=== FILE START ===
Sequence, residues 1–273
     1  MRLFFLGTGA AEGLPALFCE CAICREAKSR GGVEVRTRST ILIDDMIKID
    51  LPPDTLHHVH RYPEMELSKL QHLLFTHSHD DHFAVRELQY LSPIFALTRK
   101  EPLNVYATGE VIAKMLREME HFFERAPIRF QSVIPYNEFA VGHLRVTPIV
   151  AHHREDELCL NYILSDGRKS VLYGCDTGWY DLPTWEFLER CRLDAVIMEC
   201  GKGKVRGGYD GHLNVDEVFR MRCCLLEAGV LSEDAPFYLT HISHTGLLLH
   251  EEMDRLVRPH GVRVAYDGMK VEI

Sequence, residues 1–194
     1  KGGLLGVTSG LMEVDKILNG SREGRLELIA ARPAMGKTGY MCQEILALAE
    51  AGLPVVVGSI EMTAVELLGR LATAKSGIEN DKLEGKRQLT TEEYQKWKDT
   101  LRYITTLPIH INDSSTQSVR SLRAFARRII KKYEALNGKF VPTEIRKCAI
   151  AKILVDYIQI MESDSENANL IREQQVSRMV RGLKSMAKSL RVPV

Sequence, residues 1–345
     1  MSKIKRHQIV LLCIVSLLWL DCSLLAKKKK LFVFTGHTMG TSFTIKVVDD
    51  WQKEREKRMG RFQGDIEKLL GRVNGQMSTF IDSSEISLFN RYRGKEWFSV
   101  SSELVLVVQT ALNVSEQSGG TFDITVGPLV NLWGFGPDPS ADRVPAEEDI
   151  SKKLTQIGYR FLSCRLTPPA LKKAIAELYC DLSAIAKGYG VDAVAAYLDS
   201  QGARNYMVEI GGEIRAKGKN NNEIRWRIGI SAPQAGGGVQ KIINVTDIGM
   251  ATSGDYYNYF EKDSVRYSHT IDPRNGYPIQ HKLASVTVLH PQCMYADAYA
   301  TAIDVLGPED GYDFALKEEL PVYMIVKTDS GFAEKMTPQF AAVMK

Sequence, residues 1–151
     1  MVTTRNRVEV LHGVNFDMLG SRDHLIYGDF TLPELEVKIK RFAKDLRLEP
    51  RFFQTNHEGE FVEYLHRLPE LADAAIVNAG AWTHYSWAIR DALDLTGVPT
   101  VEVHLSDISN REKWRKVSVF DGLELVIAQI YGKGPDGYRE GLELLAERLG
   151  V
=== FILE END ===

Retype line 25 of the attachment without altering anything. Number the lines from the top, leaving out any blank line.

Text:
   151  V